As parts of the hospital’s original 400 acres were sold off and developed over the years, remains of long-dead patients were dug up (some for a second or third time) and re-interred at the cemetery Burris found. Their names are a mystery. “Between 4,000 to 7,000 people are buried in a space about the size of a middle-class backyard,” he says.
But the forgotten cemetery isn’t home to all of Eastern State’s dead. Remains of what may be thousands of burials on hospital grounds are still being unearthed and moved.
Many state mental hospitals do have excellent death and burial records, Burris says. Early this year, for example, the state of Oregon began matching unclaimed remains of patients who died at several state hospitals with relatives. Historical records held the necessary information for the state to post online the names of those whose remains were still in its care. Eastern State, though, lacks marked graves and accessible records.
Members have erected a fence, planted landscaping and placed a monument. But the information is harder to come by. Early records are sketchy, says Shane Shoemaker, the librarian at Eastern State. Patient death certificates from the 19th century don’t disclose whether the patient was buried on the grounds or if a relative retrieved the body. “And does the death date reflect the day the patient died or the day the Lexington coroner was able to come examine the body?” he asks. “There is a lot we can’t find and a lot we don’t know.” But that’s only part of the problem.
Eastern State Hospital was privatized in 1995, adding another layer of bureaucracy to the records search. The state, citing federal medical confidentiality laws, says it can’t release patient records. “But we believe the records of patients who died before the privacy restrictions were enacted should be made available to relatives who ask for them,” says Phil Tkacz, president of the Eastern State Hospital cemetery preservation group.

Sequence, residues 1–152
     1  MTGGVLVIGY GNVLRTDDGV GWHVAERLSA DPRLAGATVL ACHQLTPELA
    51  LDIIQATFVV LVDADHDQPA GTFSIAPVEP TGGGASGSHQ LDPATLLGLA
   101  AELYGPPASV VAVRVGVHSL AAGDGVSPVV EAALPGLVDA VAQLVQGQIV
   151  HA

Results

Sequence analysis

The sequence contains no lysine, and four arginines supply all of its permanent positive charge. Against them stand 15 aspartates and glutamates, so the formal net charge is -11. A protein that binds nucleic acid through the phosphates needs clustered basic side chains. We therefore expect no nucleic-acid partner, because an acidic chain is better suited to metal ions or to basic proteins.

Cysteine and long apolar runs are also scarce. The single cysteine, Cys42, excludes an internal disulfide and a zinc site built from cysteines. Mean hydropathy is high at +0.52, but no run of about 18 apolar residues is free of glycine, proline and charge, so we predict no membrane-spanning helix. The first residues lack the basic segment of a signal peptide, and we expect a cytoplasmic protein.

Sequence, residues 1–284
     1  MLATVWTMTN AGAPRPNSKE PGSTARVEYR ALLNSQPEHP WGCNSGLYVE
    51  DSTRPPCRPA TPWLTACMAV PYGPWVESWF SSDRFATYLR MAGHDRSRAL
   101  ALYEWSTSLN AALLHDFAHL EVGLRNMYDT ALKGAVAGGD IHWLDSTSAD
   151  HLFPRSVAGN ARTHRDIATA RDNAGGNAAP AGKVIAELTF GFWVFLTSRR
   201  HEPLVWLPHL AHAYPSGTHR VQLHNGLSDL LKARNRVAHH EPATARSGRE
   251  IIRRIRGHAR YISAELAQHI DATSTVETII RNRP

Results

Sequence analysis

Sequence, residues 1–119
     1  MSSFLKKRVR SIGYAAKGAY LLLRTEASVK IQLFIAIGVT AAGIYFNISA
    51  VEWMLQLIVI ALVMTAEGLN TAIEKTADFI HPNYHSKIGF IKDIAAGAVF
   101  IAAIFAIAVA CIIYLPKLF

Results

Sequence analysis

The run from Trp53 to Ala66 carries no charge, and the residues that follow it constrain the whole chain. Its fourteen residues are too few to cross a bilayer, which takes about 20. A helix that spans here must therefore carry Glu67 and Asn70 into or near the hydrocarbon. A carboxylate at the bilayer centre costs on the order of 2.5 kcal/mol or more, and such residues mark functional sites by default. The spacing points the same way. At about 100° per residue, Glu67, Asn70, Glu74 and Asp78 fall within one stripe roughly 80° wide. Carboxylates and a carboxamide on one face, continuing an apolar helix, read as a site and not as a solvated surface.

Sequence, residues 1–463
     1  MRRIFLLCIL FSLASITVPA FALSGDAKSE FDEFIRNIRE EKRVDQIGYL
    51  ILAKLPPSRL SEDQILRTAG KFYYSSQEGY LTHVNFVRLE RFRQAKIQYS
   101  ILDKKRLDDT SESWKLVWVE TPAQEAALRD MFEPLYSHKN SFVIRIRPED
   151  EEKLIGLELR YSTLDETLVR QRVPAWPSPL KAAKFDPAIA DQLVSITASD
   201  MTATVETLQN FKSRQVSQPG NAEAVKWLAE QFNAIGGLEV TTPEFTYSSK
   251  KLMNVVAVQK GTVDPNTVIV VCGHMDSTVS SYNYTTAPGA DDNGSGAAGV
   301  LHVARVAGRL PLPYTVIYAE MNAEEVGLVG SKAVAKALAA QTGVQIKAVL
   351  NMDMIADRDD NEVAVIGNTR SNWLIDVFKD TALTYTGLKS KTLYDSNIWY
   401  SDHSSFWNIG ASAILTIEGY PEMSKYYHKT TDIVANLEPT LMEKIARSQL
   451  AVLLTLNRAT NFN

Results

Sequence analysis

He’s tried for years to obtain the names of those who died or were buried at Eastern State—so far, unsuccessfully. Recently, Tkacz filed a court order asking to open old records. Similar efforts worked in Oregon, where the state legislature passed a law allowing hospitals to disclose the information needed for relatives to claim remains.
In the meantime, genealogist Mary Hatton is trying to identify as many patient deaths as possible. So far, she’s gathered 1,000 names. “I’ve checked everything that’s available in the public domain,” she says. Her sources have included newspaper obituaries and commitment lists, as well as death certificates and census records. “I’ve also used cholera lists from 1833 and 1849,” she says. Cholera and other diseases were often rampant at large public facilities.
“People can contact me and I’ll check my list to see if their relative is on it,” Hatton says. If not, they’ll need to file court papers and pay an attorney fee of about $54 to get a copy of any existing records.
It’s doubtful, of course, that all 30,000 to 60,000 people who are thought to have died at the hospital will ever be identified, says Tkacz, but the state plans to send forensic anthropologists to examine the remains at uncovered burial sites. The cost to identify and rebury just one set of remains is prohibitively high—Burris estimates it at between $5,000 to $10,000.
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